The white-winged dove is an omnivorous bird, and its diet consists of a variety of seeds, fruits, insects, and nectar. In Colorado, their diet includes:
- Seeds: White-winged doves eat a variety of seeds, including sunflower seeds, millet, corn, and safflower seeds. They also eat the seeds of many wild plants, such as grasses, legumes, and weeds.
- Fruits: White-winged doves eat a variety of fruits, including cactus fruits, berries, and figs. They also eat the nectar from flowers.
- Insects: White-winged doves eat a variety of insects, including beetles, grasshoppers, and ants. They also eat spiders and other small invertebrates.
- Nectar: White-winged doves sometimes drink nectar from flowers. They do not have a long, brush-tipped tongue like hummingbirds, but they can lap up nectar with their short, broad tongues.
Lifespan: The lifespan of a white-winged dove in Colorado is typically 5 to 10 years.
Wingspan: The wingspan of a white-winged dove in Colorado is typically 18.9 to 22.8 centimetres (48 to 58 inches).
Calls: The white-winged dove is a vocal bird, and it makes a variety of calls. The most common call is a series of cooing notes that sound like “who cooks for you?” This call is used for courtship and to defend territory.
Other calls of the white-winged dove include:
- Clapping: Males make a clapping sound by striking the backs of their wings together during display flights.
- Nestling call: Nestlings make a begging call that sounds like “sur-ee.”
- Take-off call: White-winged Doves often produce a staccato whir with their wings, and sometimes their wingtips make whistling sounds upon taking off.
|White-winged doves spend the winter in Mexico and the southern United States.
|White-winged doves arrive in Colorado in early March.
|White-winged doves breed in Colorado during the summer.
|White-winged doves leave Colorado in late September.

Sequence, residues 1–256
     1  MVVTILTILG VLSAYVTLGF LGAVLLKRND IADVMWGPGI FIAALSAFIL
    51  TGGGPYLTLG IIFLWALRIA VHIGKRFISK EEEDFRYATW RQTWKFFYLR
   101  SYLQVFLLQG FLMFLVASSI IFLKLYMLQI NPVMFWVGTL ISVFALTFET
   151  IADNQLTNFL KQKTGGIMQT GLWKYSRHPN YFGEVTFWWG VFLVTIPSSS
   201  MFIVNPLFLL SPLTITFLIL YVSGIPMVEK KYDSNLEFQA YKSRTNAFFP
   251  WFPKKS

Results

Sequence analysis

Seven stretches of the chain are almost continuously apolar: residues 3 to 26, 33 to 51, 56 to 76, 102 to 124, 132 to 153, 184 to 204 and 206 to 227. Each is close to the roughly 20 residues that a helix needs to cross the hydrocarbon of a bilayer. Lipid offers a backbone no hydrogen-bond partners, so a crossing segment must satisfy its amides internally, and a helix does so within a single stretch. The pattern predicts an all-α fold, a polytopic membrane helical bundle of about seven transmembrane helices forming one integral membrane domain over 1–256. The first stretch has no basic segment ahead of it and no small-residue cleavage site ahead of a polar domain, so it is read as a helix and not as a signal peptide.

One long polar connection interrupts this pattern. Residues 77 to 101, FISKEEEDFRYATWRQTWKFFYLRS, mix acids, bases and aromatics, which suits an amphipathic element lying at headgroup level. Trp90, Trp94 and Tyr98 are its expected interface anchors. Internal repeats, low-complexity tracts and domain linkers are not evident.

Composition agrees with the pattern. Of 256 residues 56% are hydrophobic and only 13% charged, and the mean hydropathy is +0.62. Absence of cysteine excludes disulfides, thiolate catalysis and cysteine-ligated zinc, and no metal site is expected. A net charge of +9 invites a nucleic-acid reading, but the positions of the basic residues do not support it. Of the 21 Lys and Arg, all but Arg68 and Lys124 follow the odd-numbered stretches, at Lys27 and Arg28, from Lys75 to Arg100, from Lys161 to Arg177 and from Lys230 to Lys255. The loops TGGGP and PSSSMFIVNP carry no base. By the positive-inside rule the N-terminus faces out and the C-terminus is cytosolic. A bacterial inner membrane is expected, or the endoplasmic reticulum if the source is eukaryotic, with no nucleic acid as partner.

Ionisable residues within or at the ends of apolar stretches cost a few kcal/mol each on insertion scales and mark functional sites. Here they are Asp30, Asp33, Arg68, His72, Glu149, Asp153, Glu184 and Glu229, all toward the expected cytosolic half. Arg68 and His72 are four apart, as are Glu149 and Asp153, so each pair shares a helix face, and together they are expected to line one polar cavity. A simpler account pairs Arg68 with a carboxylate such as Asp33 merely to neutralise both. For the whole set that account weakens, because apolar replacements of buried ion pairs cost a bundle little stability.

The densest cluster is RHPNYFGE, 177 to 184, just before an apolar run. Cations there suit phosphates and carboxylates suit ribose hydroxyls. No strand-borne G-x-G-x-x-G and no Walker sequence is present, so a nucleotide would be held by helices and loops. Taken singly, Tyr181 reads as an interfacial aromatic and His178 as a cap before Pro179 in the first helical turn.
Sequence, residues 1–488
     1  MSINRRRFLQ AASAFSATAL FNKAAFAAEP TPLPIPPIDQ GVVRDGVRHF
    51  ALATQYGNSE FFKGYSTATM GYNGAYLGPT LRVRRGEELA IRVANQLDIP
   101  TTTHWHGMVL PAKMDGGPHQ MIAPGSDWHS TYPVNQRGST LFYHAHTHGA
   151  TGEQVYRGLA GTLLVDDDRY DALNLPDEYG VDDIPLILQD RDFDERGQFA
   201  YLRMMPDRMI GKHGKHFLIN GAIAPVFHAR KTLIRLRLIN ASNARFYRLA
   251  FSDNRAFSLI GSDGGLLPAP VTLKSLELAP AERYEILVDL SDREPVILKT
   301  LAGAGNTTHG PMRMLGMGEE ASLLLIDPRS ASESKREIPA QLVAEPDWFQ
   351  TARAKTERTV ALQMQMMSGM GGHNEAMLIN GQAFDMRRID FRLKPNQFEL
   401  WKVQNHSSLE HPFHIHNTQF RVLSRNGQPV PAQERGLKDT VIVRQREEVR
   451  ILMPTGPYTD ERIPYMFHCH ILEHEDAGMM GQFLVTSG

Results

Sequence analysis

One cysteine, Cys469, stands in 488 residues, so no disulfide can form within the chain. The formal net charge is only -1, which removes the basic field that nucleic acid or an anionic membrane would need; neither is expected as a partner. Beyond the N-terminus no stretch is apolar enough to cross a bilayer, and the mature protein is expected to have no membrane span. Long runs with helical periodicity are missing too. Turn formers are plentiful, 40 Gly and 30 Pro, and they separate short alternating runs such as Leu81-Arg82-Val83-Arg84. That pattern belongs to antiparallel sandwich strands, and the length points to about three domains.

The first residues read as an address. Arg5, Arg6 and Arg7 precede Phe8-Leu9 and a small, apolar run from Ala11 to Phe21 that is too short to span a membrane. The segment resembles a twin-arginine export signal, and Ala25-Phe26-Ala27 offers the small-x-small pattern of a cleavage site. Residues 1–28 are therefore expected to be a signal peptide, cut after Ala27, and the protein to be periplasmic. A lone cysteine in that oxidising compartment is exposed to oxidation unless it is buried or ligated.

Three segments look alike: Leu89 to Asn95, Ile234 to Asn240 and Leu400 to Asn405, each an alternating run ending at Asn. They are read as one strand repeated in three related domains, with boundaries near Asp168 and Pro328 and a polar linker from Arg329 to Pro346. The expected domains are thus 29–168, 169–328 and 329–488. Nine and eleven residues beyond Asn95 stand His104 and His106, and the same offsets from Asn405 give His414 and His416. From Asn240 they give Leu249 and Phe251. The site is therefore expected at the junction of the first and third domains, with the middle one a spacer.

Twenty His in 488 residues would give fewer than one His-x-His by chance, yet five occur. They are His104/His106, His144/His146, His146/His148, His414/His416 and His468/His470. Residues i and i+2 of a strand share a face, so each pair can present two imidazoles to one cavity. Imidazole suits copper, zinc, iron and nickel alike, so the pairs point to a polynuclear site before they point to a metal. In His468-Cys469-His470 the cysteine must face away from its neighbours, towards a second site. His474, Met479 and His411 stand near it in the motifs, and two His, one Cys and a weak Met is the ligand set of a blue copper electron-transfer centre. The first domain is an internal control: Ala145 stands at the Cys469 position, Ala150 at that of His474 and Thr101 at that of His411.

5. Mourning Dove
Scientific name: Zenaida macroura
Size: The mourning dove in Colorado is a medium-sized bird, with an average length of 12 inches (31 cm).
How to identify:
- Colour: Mourning doves have a light grey-brown body, with a pinkish wash on the breast and belly. The wings are dark grey, with a white patch on the underside.
- Tail: The mourning dove has a long, pointed tail that is about the same length as its body.
- Bill: The mourning dove has a short, black bill.
- Eyes: The mourning dove has dark brown eyes.
Habitat: The mourning dove is a common sight in Colorado, and can be found in a variety of habitats, including:
- Open fields: Mourning doves are often seen in open fields, such as pastures, hayfields, and agricultural fields. They feed on seeds and insects that they find in these areas.
- Forests: Mourning doves can also be found in forests, where they nest in trees. They typically build their nests in the forks of branches, and lay two eggs per clutch.
- Urban areas: Mourning doves are also common in urban areas, where they can be found in parks, gardens, and backyards. They are attracted to these areas because they provide food and water, as well as nesting sites.
Diet: The diet of mourning doves in Colorado consists mainly of seeds, fruits, and insects. They are herbivores, and their diet varies depending on the season.
In the spring and summer, mourning doves eat a variety of seeds, including millet, corn, and sunflower seeds. They also eat fruits, such as berries and cherries. In the fall and winter, mourning doves eat more insects, such as grasshoppers, beetles, and caterpillars.
Mourning doves also eat grit, which helps them to digest their food. They typically swallow grit from the ground or from bird baths.
Lifespan: The average lifespan of a mourning dove in Colorado is 2-3 years.
Wingspan: The wingspan of a mourning dove in Colorado is typically 17-19 inches (43-48 cm).
The mourning dove is known for its soft, cooing call. The male mourning dove has a two-part call that is often described as “coo-ah, coo-coo-coo.” The female mourning dove has a similar call, but it is slightly lower in pitch.
Mourning doves also make a variety of other calls, including:
- Alarm call: A loud, sharp “hwaah” call that is given when the bird is startled or alarmed.
- Nesting call: A three-part call that is given by the male mourning dove while building the nest.
- Begging call: A high-pitched “ohr, ohr” call that is given by the female mourning dove when she is feeding her young.
The mourning dove is a year-round resident in Colorado. However, there are two main seasons for mourning doves in Colorado: the breeding season and the migration season.
The breeding season for mourning doves in Colorado is April-July. During this time, mourning doves will mate and build nests. The female mourning dove will lay two eggs, which will hatch after about 14 days. The young mourning doves will fledge after about 18 days.
The migration season for mourning doves in Colorado is September-October and March-April. During this time, mourning doves will fly south to warmer climates for the winter. They will typically travel in flocks of up to 100 birds.